1. The art of the application of the laws of motion or force to construction.
2. A mechanician; an artisan; an artificer; one who practices any mechanic art; one skilled or employed in shaping and uniting materials, as wood, metal, etc, into any kind of structure, machine, or other object, requiring the use of tools, or instruments. An art quite lost with our mechanics. (Sir T. Browne)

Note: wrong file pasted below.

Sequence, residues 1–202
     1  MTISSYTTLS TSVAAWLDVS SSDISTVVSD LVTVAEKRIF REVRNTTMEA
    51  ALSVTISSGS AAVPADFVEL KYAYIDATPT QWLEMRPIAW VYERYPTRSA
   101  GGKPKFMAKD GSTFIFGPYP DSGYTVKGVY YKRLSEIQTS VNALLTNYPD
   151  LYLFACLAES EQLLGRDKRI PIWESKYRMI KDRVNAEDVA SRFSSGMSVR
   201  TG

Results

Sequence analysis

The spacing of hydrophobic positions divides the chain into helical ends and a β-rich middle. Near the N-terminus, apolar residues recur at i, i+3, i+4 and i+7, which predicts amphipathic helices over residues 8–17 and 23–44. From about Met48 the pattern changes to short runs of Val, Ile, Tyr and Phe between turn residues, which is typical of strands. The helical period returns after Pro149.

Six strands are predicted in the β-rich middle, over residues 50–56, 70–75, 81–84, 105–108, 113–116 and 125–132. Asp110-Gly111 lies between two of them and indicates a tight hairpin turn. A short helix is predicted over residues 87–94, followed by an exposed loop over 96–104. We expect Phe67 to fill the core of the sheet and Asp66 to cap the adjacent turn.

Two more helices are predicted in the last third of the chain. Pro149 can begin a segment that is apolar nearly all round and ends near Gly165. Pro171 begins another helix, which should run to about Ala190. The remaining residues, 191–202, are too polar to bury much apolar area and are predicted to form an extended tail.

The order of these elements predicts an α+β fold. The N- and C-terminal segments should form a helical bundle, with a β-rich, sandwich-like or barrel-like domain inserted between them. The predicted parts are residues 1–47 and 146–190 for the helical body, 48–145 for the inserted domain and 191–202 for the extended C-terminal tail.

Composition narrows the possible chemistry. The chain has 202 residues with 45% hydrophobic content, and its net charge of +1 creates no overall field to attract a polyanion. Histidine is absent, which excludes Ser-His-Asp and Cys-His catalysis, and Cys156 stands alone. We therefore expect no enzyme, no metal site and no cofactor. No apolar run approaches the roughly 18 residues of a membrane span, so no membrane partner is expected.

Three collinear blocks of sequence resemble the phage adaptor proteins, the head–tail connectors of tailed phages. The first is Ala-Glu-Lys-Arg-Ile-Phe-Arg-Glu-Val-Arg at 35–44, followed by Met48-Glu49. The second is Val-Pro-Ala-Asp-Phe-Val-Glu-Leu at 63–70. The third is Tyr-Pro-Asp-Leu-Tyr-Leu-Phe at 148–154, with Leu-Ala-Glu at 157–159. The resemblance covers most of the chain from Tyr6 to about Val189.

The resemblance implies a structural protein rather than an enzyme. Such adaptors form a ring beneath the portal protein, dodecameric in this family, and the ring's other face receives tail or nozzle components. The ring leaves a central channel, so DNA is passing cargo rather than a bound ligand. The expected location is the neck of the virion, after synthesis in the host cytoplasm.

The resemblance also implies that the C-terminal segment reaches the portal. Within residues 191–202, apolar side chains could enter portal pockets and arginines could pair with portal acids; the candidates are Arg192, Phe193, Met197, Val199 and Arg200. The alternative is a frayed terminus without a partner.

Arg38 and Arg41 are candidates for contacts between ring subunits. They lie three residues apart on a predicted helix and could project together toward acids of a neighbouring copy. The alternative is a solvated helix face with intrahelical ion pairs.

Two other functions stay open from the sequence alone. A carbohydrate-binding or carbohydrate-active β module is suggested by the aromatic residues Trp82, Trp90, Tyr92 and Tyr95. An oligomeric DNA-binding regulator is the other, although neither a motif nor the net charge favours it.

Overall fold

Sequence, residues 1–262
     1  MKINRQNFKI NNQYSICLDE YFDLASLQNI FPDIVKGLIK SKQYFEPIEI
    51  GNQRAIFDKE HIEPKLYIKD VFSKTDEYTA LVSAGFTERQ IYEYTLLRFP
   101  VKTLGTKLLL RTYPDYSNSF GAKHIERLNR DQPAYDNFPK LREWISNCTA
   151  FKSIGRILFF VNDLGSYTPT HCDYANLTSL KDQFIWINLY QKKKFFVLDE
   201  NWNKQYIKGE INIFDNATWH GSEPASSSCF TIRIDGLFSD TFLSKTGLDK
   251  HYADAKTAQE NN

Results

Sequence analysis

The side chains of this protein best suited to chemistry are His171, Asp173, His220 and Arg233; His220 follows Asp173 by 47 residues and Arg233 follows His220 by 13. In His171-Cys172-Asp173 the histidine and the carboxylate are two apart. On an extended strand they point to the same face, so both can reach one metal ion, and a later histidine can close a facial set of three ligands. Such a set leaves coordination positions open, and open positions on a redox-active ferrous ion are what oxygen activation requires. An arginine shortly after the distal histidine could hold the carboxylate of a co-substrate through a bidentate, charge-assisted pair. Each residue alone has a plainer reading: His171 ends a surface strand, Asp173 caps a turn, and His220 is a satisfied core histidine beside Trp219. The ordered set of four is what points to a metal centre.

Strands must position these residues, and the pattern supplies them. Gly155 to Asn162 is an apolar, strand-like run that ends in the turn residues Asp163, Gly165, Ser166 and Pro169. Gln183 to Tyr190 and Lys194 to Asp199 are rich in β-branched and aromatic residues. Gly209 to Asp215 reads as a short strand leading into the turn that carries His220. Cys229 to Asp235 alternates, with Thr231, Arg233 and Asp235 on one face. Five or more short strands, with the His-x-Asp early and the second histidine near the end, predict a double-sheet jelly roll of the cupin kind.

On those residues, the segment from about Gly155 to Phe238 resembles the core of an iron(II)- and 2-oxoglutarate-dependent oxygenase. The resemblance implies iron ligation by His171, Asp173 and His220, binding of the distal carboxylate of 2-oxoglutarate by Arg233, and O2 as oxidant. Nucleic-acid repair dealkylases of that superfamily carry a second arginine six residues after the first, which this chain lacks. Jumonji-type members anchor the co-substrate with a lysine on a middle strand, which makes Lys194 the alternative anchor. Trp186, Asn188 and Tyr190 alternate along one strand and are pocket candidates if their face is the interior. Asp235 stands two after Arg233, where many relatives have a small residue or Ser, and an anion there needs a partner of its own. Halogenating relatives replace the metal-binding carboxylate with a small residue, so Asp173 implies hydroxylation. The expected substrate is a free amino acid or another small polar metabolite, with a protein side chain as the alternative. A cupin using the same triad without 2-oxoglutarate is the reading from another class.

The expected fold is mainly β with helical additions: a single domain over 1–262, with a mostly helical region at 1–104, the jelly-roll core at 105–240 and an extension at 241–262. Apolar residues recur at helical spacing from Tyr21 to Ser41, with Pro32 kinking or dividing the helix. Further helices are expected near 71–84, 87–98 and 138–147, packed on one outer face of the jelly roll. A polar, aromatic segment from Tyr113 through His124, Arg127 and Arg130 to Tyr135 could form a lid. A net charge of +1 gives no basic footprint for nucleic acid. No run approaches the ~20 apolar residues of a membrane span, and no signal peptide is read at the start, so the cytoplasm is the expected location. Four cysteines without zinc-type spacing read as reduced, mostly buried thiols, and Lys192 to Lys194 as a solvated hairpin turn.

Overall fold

Origin: F. Mecanique mechanics. See Mechanic.
1. Having to do woth the application of the laws of motion in the art of constructing or making things; of or pertaining to mechanics; mechanical; as, the mechanic arts. These mechanic philosophers. Mechanic slaves, With greasy aprons, rules, and hammers. (Shak)
2. Of or pertaining to a mechanic or artificer, or to the class of artisans; hence, rude; common; vulgar. To make a god, a hero, or a king descend to a mechanic dialect. (Roscommon) Sometimes he ply’d the strong, mechanic tool. (Thomson)
Origin: F. Mecanique, L. Mechanicus, Gr, fr. A machine. See Machine.